Despite this overall increase in revenue, Lloyd’s is well aware that it must keep moving forward, especially in the increasingly competitive market environment. Reinsurance is a significant part of Lloyd’s make up, and the well documented pricing pressure currently impacting that sector means growth is hard to come by.

That is not the only cause for concern though, with the established reinsurance market looking to expand their operations in the hunt for growth. That has meant some companies, for example Swiss Re and Munich Re, are looking to increase their participation in the direct and specialty primary markets as they look to grow their businesses outside of the pure reinsurance space.

According to McGovern, Lloyd’s did manage to increase both its property and property catastrophe business during 2014, but it has also grown in other areas of the market which he said was “all very encouraging”.

The market must ensure it remains at the forefront of the industry if it is to continue on this upward path however. To do this, it has embarked on its Vision 2025 programme which will see it move into new territories as well as continue to offer some of the most forward thinking insurance products on the market.

As McGovern explained, Lloyd’s has proven its forward thinking attitude in the past by providing coverages and protection that others have walked away from. This dynamism means having a Lloyd’s arm is now considered an integral part of a global specialty insurance business.

That alone is not enough to keep it at the forefront of the industry however, and McGovern explained that Lloyd’s push to move into new geographies, as well as investing in innovation, is what is needed to ensure it remains a leading player in the market. This is especially true when considering the level of consolidation currently occurring within the overall re/insurance industry.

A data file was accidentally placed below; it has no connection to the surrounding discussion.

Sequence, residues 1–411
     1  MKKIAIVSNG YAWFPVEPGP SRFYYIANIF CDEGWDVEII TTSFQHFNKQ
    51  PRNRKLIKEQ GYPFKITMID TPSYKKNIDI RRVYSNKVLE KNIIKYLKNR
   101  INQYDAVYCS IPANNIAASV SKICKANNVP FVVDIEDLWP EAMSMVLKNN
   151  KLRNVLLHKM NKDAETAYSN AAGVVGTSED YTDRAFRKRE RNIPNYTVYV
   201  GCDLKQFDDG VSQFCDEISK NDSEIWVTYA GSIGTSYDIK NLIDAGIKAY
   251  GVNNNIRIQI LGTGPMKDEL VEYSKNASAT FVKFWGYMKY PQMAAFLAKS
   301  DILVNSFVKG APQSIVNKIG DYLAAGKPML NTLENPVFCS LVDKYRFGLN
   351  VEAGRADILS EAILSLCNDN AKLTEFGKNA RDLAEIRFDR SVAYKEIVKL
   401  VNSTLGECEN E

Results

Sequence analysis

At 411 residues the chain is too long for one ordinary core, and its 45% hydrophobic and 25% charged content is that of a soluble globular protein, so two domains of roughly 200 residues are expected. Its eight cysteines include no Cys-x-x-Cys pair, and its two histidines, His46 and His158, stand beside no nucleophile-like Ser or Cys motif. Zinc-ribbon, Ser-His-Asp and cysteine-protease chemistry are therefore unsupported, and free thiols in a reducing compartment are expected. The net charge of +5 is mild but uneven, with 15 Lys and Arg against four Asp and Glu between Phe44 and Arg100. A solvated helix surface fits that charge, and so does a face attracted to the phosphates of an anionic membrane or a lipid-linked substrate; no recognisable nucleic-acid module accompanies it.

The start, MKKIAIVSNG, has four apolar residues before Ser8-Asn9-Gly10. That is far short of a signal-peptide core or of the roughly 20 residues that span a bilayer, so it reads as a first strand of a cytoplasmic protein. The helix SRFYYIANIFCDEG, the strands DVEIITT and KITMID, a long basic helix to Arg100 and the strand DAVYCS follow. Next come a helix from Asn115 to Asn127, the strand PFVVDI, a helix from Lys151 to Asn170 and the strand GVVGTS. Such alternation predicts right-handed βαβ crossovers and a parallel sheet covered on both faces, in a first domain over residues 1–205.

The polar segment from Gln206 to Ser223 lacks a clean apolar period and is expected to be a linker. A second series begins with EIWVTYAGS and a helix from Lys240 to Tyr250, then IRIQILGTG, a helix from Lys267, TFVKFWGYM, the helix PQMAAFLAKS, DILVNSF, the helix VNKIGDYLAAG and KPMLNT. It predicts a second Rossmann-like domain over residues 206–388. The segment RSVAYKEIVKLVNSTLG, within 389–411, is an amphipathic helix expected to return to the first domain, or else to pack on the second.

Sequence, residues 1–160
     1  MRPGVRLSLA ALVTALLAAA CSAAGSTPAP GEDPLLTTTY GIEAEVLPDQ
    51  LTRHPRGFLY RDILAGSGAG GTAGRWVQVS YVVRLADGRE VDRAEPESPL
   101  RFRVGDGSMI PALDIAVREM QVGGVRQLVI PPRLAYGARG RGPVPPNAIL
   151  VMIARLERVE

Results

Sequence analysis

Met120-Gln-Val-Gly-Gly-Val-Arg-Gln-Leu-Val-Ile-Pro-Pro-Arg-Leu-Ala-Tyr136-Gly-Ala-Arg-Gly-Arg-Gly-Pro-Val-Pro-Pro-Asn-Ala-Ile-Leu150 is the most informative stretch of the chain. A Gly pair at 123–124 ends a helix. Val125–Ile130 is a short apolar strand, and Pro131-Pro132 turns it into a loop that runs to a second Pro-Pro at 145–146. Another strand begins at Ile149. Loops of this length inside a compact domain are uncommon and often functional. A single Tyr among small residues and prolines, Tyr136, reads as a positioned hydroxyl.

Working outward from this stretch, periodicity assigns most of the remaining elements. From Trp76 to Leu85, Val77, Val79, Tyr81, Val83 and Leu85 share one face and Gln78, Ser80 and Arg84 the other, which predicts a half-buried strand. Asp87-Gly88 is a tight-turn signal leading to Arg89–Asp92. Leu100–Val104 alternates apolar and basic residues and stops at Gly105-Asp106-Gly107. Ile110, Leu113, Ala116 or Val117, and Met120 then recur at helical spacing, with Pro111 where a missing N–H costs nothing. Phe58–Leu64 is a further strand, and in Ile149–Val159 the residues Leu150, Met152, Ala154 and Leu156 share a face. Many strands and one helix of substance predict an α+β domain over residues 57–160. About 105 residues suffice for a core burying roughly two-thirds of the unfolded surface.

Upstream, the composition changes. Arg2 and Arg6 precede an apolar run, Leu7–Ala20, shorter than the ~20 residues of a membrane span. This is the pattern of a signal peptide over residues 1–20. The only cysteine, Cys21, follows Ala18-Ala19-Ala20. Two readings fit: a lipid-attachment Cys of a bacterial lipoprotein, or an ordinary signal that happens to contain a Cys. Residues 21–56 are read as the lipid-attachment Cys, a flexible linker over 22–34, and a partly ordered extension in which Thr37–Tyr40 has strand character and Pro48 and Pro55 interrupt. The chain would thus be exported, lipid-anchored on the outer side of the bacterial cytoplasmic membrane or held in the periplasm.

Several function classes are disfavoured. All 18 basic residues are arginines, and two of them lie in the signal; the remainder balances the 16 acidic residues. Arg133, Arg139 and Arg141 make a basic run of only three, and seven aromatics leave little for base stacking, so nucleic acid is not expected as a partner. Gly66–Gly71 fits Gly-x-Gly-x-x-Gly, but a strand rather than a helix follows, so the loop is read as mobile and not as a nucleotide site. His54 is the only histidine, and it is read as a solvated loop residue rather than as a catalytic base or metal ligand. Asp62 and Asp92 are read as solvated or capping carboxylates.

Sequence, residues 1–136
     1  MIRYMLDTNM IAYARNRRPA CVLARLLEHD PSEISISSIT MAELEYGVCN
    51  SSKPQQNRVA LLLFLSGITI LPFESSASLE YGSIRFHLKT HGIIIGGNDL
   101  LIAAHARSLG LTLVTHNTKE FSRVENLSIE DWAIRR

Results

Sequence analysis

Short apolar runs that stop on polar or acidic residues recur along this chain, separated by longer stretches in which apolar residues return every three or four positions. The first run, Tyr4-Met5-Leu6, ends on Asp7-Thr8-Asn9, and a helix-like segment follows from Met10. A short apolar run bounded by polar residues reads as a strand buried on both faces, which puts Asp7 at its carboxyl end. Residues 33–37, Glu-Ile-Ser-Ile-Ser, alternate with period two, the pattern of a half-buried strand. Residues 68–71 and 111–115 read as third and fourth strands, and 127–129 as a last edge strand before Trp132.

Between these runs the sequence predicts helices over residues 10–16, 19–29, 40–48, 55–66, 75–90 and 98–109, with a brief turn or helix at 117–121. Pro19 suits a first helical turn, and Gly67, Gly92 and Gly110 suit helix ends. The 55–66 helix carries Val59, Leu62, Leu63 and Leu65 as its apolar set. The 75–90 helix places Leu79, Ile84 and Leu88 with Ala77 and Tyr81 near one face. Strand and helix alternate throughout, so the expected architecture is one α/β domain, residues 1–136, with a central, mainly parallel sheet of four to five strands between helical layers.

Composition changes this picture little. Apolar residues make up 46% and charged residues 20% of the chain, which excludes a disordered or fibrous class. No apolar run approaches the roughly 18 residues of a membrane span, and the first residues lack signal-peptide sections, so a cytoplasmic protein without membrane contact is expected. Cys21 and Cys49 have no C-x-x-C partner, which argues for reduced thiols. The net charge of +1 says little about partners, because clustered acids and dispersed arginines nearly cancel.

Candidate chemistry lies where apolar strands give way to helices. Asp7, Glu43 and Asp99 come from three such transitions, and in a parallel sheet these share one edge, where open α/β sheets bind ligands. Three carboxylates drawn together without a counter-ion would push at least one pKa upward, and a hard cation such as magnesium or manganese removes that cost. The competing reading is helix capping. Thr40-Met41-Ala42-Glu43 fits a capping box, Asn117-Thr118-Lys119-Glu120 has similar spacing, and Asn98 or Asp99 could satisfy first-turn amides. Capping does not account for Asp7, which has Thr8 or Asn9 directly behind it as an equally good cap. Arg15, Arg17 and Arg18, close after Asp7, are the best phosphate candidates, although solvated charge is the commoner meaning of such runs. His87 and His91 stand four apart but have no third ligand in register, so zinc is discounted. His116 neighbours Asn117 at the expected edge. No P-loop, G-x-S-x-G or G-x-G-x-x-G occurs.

According to McGovern, the barriers to entry, especially in the reinsurance space, are as low as they have ever been.

“We’ve seen segments of the market being commoditised and returns being compressed as a consequence. That’s made differentiation more difficult, and seemingly makes scale much more important.

That, combined with an overall decline in demand for reinsurance protection owing to greater levels of risk retention, are only making the situation more difficult for existing players.

“Lloyd’s collectively has got scale – we’re the fourth largest reinsurer in the aggregate, so it’s really a question of how syndicates can leverage that scale and compete in the global market. The differentiator that Lloyd’s has is its knowledge of specialty markets and its innovative approach – that’s what’s going to make Lloyd’s standout, because the syndicates can’t individually compete on scale, so they’ve got to compete on Lloyd’s historic strength which has been in making the market in new risk areas like cyber.”

As such, Lloyd’s is encouraging the market to be innovative in any way it can, with supply chain and cyber risks just two examples of where a lot of